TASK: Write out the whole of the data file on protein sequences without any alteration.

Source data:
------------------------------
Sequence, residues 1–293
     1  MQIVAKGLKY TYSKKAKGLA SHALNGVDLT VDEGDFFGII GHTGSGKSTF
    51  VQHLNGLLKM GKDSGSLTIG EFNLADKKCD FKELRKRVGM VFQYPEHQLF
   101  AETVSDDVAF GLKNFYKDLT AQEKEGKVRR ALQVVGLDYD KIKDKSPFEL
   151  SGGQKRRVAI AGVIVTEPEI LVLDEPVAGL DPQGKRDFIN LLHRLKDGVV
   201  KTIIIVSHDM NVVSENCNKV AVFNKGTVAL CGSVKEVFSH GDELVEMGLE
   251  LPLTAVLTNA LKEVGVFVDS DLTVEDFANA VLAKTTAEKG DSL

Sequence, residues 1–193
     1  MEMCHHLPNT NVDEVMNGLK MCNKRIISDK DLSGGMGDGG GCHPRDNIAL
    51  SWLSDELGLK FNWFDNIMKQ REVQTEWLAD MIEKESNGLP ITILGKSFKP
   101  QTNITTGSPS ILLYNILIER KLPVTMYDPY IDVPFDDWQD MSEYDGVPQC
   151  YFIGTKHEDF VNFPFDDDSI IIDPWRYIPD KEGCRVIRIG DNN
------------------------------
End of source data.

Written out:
Sequence, residues 1–293
     1  MQIVAKGLKY TYSKKAKGLA SHALNGVDLT VDEGDFFGII GHTGSGKSTF
    51  VQHLNGLLKM GKDSGSLTIG EFNLADKKCD FKELRKRVGM VFQYPEHQLF
   101  AETVSDDVAF GLKNFYKDLT AQEKEGKVRR ALQVVGLDYD KIKDKSPFEL
   151  SGGQKRRVAI AGVIVTEPEI LVLDEPVAGL DPQGKRDFIN LLHRLKDGVV
   201  KTIIIVSHDM NVVSENCNKV AVFNKGTVAL CGSVKEVFSH GDELVEMGLE
   251  LPLTAVLTNA LKEVGVFVDS DLTVEDFANA VLAKTTAEKG DSL

Sequence, residues 1–193
     1  MEMCHHLPNT NVDEVMNGLK MCNKRIISDK DLSGGMGDGG GCHPRDNIAL
    51  SWLSDELGLK FNWFDNIMKQ REVQTEWLAD MIEKESNGLP ITILGKSFKP
   101  QTNITTGSPS ILLYNILIER KLPVTMYDPY IDVPFDDWQD MSEYDGVPQC
   151  YFIGTKHEDF VNFPFDDDSI IIDPWRYIPD KEGCRVIRIG DNN